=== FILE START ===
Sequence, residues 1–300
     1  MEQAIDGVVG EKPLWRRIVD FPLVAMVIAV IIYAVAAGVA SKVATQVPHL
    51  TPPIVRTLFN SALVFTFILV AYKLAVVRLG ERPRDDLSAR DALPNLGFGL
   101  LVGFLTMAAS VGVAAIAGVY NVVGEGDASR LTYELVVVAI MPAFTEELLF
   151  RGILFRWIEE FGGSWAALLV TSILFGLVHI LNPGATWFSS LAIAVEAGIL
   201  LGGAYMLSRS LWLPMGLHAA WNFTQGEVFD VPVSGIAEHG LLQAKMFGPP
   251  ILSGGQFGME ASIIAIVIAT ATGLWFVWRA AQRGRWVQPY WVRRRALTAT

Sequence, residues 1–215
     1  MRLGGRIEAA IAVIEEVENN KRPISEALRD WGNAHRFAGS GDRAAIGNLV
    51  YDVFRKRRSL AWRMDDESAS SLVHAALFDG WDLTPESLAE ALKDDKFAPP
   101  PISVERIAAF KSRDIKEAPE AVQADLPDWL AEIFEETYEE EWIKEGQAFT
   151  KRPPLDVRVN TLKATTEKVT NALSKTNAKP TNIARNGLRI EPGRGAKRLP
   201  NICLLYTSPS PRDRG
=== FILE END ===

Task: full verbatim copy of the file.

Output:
Sequence, residues 1–300
     1  MEQAIDGVVG EKPLWRRIVD FPLVAMVIAV IIYAVAAGVA SKVATQVPHL
    51  TPPIVRTLFN SALVFTFILV AYKLAVVRLG ERPRDDLSAR DALPNLGFGL
   101  LVGFLTMAAS VGVAAIAGVY NVVGEGDASR LTYELVVVAI MPAFTEELLF
   151  RGILFRWIEE FGGSWAALLV TSILFGLVHI LNPGATWFSS LAIAVEAGIL
   201  LGGAYMLSRS LWLPMGLHAA WNFTQGEVFD VPVSGIAEHG LLQAKMFGPP
   251  ILSGGQFGME ASIIAIVIAT ATGLWFVWRA AQRGRWVQPY WVRRRALTAT

Sequence, residues 1–215
     1  MRLGGRIEAA IAVIEEVENN KRPISEALRD WGNAHRFAGS GDRAAIGNLV
    51  YDVFRKRRSL AWRMDDESAS SLVHAALFDG WDLTPESLAE ALKDDKFAPP
   101  PISVERIAAF KSRDIKEAPE AVQADLPDWL AEIFEETYEE EWIKEGQAFT
   151  KRPPLDVRVN TLKATTEKVT NALSKTNAKP TNIARNGLRI EPGRGAKRLP
   201  NICLLYTSPS PRDRG